show episodes
 
The aim of this weekly podcast is to make economics easy, uncomplicated and accessible. With the world at a political, technological and financial tipping point, economics has never been so important to all of us and yet, it’s made inaccessible and complicated by so many. I’ve always thought what is complicated is rarely important and what is important is rarely complicated. That will be our motto. Every week we are going to tease out some big economic or political issue facing us, not just ...
 
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show series
 
The USA is embarking on the biggest change in economic policy in decades. Biden is using the economics of the 1930s to avoid the 1930s. This is a big deal. We speak to renowned economic heretic and former Fed economist, Claudia Sahm about Biden's New Deal, being bullied by 1970's thinking and America creating 10 million new jobs. Also, we talk abou…
 
This week Harry and Hugh talk to MEP Clare Daly, who since her election as an MEP for Dublin in 2019 has been an outspoken voice in Brussels on the issues she champions, such as her opposition to defence spending and the imprisonment of Julian Assange. They talk about Clare's controversial comments on jailed Russian opposition leader Alexei Navalny…
 
The upcoming sale of Ulster Bank will reveal how Ireland actually works. We give you the "collars up" view from the West Lower Stand at the Aviva stadium - where deals are done. This corporate finance 101 podcast breaks down the likely carve-up of Ulster Bank amongst the Insiders, and explains why as long as the banking system is joined at the hip …
 
Following last week's podcast with professor Brendan O’Leary on the creation of Northern Ireland, today’s show looks at this year’s centenary in respect of the politics and culture of the region. Hugh is joined by unionist political commentator Sarah Creighton to discuss the future of Northern Ireland, its changing relationship with both the UK and…
 
What will our cities look like after Covid? We talk to renowned urbanist Richard Florida, the man behind the concept of the Creative Class and Creative Cities about what next for our cities. We also outline three "must do's" for cities. The first is a directly-elected Mayor with proper taxation/spending powers, second a tax on land hoarding to make…
 
Education is top of the agenda this week, as talks continue regarding the reopening of schools and the scheduling of state exams. In today’s episode, Hugh is joined by The Irish Times education editor Carl O’Brien, health editor Paul Cullen, and by political correspondent Jennifer Bray. The team also take a look at the national vaccine rollout and …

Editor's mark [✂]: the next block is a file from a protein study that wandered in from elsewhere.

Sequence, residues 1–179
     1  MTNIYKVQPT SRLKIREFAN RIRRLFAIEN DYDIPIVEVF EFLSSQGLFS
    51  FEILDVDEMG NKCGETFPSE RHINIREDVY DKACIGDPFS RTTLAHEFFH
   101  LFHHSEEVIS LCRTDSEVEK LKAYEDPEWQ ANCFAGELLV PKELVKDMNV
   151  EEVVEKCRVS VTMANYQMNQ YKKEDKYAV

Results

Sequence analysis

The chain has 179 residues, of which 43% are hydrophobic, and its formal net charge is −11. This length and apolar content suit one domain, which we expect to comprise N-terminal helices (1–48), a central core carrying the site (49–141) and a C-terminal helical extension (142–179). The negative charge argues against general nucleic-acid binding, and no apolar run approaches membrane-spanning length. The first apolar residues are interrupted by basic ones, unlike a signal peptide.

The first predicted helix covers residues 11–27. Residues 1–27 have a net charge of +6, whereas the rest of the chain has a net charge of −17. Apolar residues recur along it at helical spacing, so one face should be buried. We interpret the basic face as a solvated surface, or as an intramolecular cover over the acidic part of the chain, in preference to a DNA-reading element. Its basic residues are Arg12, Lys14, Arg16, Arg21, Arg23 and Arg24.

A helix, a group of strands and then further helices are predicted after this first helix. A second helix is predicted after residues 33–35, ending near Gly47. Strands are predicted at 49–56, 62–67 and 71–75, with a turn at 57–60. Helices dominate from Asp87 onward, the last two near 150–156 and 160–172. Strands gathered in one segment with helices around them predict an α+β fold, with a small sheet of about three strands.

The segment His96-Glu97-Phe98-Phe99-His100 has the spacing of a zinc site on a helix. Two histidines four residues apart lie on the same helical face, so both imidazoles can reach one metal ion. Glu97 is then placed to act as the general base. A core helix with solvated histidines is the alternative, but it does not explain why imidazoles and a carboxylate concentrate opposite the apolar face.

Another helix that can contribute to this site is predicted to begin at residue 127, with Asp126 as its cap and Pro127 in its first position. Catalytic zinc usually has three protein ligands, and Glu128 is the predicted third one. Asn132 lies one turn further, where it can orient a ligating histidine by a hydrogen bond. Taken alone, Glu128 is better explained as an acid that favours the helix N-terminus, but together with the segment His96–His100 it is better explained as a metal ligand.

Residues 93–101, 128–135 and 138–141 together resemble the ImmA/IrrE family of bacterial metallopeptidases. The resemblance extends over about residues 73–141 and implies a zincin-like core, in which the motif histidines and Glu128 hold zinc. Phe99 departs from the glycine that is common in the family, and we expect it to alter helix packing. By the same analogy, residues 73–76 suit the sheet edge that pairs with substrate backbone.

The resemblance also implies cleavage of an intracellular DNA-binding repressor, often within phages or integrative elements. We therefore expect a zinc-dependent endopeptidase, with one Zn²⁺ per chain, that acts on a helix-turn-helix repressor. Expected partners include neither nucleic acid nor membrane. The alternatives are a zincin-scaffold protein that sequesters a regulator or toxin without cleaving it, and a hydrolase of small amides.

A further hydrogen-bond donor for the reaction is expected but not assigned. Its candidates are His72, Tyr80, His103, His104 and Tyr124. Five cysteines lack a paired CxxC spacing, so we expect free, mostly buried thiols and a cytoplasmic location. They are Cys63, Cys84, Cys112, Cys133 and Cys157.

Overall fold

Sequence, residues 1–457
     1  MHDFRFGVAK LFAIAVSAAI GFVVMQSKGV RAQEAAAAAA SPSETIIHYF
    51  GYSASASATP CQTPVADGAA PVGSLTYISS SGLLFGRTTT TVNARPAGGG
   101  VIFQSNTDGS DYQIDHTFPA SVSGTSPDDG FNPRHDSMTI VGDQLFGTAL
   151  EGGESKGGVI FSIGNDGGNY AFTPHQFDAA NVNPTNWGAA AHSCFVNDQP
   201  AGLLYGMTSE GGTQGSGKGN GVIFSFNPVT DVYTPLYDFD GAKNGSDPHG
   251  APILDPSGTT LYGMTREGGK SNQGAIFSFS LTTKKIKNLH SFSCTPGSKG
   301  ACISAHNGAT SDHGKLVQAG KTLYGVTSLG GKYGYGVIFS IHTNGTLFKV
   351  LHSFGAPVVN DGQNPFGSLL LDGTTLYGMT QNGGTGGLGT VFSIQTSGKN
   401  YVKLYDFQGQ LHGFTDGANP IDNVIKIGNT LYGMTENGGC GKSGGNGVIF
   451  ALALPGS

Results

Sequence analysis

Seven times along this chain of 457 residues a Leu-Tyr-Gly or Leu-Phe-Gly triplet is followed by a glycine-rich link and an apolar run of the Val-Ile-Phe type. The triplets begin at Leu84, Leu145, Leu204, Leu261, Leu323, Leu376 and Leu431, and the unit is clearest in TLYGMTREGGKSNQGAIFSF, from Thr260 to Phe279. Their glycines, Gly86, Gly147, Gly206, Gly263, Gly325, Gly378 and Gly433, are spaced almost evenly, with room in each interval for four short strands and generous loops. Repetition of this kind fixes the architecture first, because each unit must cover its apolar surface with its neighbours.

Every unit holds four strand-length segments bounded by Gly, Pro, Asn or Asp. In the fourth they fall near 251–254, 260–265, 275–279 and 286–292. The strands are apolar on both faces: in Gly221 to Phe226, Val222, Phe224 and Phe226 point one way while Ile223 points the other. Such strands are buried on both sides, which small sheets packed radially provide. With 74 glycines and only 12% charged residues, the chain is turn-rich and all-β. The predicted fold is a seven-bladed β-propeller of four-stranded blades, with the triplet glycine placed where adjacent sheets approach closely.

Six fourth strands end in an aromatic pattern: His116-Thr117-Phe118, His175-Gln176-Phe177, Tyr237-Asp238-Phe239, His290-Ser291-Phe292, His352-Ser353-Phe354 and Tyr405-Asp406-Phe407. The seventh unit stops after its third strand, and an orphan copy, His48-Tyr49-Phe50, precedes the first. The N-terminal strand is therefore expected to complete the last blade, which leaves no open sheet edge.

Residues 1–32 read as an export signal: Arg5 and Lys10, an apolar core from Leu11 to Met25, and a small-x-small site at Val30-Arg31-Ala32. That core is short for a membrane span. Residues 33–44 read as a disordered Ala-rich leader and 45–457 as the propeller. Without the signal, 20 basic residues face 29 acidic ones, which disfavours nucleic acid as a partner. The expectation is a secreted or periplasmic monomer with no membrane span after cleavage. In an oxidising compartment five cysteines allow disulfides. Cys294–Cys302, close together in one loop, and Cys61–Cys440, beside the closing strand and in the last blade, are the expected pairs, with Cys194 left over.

Hundreds of years ago, the Dutch were Europe's moneymen and it looks as if they are at it again. We look at new alliances & digital trade routes emerging in the post-Brexit era. Looking at Hindu parables, what's the elephant in the room? What's the story with Bitcoin, digital Gold or digital Tulips, plus the logic in Elon Musk's big bet. If Bitcoin…
 
This year marks the centenary of partition on the island of Ireland. The official commemoration takes place in May, but what were the key political and legislative events that led to the establishment of Northern Ireland? On today's podcast, Hugh speaks to Brendan O'Leary, a professor of political science at the University of Pennsylvania, who last…
 
we start off by taking a look at the fallout of the Gamestop fiasco before tackling the bigger issue: Conventional thinking. In many ways the world is still pushing “zombie” ideas - ideas that have been proven to be false but that are still being pushed as policies. With the help of Tom Bergin we look at a few conventional ideas and explain why the…
 
It may feel like a lifetime ago, but this week marks one year since the 2020 general election. And what an eventful twelve months it’s been. In today’s episode, we take a look back at the historic election result and the Sinn Féin surge which swept across the country. What important lessons have been learned by the political parties since then and …
 
Public housing should be addressed with the same urgency as public health. If we can close down the economy, borrow billions, furlough millions and stop the world in the name of public health, we should be able to tear up the rule book when it comes to housing. The property market in Ireland and the rest of the English speaking world is a scam, rig…
 
The concept of universal basic income (UBI) - paying everyone a regular, fixed amount of money to ensure a basic standard of living - has moved to the mainstream in recent years, driven by concerns over economic inequality and the erosion of traditional employment bases. More recently, the vast level of state support for workers in Covid-19-hit ind…